Spain can take nothing for granted against Morocco, says Busquets

Sid Lowe in Kaliningrad on 24 June 2018

According to Sergio Busquets, football has not been fair to Morocco and they agree. Hervé Renard insisted that his team, out of the World Cup after being defeated twice in two games, were victims of an “injustice” at the hands of VAR, and Spain’s midfielder said they had deserved more. But that does not mean there will be pity when they meet here on Monday night. Spain cannot afford for there to be; the difference between first place and second in Group B is too significant. If, that is, Spain qualify at all – and their coach, Fernando Hierro, was swift to remind them they are not yet through to the last 16.

Spain and Portugal go into the final game of the group level on four points, with Portugal ahead by virtue of having collected one yellow card fewer. Portugal face Iran, who have three points and the chance to go through, while Spain face Morocco. The two Iberian neighbours know that they must each get a better result than the other to top the group. The reward comes with a possible path to a final that could read: Russia or Uruguay, then Croatia, followed by England or Belgium in a semi-final, rather than Uruguay or Russia, France and then Brazil or Germany.

By the time they take the field, they will know whether the first game awaiting the winners of this group is Uruguay or Russia; what they won’t know is what comes next and nor, Hierro said, should that concern them. It is rare that a manager expresses a preference – not least because of their habit of coming back to bite you – but he did say that Spain’s intention was to win the group. The first task, though, is to emerge from it, and he avoided suggesting that Spain would chase a big scoreline.

“Our obligation is to get the three points and if we are top of the group so much the better, perfect,” Hierro said. “We have to play well, win and forget what is happening in the other game. We have enough to worry about without worrying about other things. Mathematically we are not through, so we have to treat this match with the importance that it has on its own. This is our third game and right now there is nothing beyond that for us. Hopefully we can have a fourth, and a fifth, a sixth, a seventh.”

Hierro then added: “To win a World Cup you have to beat almost all the good teams and you can’t choose one place or another.”

That is not entirely true, of course, and Busquets admitted that he had looked at the way the draw is shaping up. “We know what the options are, but there’s only one option for this match: win, play well, finish first. Theoretically there may be fewer favourites [on their side of the draw if they win the group] but this is a World Cup in which we’ve seen a lot of equality. Being a favourite is something you have to prove on the pitch.”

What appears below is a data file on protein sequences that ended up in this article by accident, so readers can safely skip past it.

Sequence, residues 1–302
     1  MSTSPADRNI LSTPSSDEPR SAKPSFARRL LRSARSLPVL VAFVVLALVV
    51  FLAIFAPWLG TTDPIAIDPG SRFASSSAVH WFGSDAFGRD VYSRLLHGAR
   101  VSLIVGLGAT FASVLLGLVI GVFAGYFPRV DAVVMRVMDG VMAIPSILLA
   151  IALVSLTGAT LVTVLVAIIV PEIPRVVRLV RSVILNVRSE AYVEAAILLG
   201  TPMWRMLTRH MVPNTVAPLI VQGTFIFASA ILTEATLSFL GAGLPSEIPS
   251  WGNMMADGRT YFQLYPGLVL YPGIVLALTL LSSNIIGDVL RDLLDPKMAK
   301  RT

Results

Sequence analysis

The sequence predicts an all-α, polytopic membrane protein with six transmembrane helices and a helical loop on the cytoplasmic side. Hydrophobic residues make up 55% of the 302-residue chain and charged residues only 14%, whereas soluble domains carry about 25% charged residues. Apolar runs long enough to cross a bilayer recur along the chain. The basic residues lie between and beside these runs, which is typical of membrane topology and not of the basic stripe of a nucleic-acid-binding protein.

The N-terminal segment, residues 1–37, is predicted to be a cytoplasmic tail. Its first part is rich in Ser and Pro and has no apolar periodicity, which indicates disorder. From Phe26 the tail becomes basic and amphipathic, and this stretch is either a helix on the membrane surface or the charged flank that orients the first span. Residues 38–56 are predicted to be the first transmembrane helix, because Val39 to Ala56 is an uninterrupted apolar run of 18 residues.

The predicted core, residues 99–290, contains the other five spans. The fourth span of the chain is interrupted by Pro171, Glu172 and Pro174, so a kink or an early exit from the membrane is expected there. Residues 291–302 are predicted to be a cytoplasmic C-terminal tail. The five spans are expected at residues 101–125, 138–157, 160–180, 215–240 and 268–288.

Although securing a better result may appear likely for Spain given that Portugal face a team fighting to go through, the misfortune of Morocco served as a warning here. Renard added another. “We will prepare this game like any other,” he said. “We’re ready to fight like lions for the honour of Morocco.”

Within the Spain camp there is a feeling that Morocco are better side than their results suggest. Morocco cited VAR as the explanation for that. “It’s unjust that we are already out when you see all that went on against Portugal,” Renard said. The goalkeeper Munir El Kajoui added: “It was 100% unfair. [VAR] has been decisive and thrown us out – a couple of details in the match which hurt us a great deal.”

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Busquets did not focus on the decisions that had gone against Spain’s final group opponents but he did agree that they had deserved more. “Football is often unfair,” he said. “The level they have shown is higher than the zero points they have and that tells you how difficult it is to win a game at the World Cup.”

Hierro added: “We know they’re a very good team. When you look at it, they lost the first game to an own goal in the 93rd minute and they were very good against Portugal. Sometimes you relax when you play an eliminated team and we can’t do that.

“We have to have the lights switched on and our eyes wide open. No one is going to gift us anything. We have to play well. We can’t get inside their head, we don’t know what they are going to do, so we have to have total faith in our own ability, in our personality and our qualities; we’re a team that wants the ball, that has qualities we’re proud of. We have to stop their transitions.”

Asked whether that meant that Spain may opt for a muscular midfield, Hierro grinned. “If it’s muscles that decide …” he began. “We’re something else. We have our conditions, our physique, our way of understanding the game. Muscles are not our thing, I don’t think.”

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